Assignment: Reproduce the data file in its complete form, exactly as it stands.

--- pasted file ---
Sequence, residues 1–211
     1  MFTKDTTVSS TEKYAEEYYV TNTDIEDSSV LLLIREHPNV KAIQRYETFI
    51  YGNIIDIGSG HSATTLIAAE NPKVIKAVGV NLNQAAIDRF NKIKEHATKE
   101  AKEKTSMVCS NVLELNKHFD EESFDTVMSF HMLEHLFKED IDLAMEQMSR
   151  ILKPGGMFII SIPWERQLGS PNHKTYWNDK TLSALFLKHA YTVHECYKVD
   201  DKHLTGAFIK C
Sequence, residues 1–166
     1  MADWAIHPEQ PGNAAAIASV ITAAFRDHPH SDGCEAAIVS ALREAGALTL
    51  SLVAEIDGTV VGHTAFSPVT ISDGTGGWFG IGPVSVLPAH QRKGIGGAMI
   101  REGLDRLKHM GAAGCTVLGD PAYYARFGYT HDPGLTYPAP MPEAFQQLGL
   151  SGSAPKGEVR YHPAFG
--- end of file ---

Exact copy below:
Sequence, residues 1–211
     1  MFTKDTTVSS TEKYAEEYYV TNTDIEDSSV LLLIREHPNV KAIQRYETFI
    51  YGNIIDIGSG HSATTLIAAE NPKVIKAVGV NLNQAAIDRF NKIKEHATKE
   101  AKEKTSMVCS NVLELNKHFD EESFDTVMSF HMLEHLFKED IDLAMEQMSR
   151  ILKPGGMFII SIPWERQLGS PNHKTYWNDK TLSALFLKHA YTVHECYKVD
   201  DKHLTGAFIK C
Sequence, residues 1–166
     1  MADWAIHPEQ PGNAAAIASV ITAAFRDHPH SDGCEAAIVS ALREAGALTL
    51  SLVAEIDGTV VGHTAFSPVT ISDGTGGWFG IGPVSVLPAH QRKGIGGAMI
   101  REGLDRLKHM GAAGCTVLGD PAYYARFGYT HDPGLTYPAP MPEAFQQLGL
   151  SGSAPKGEVR YHPAFG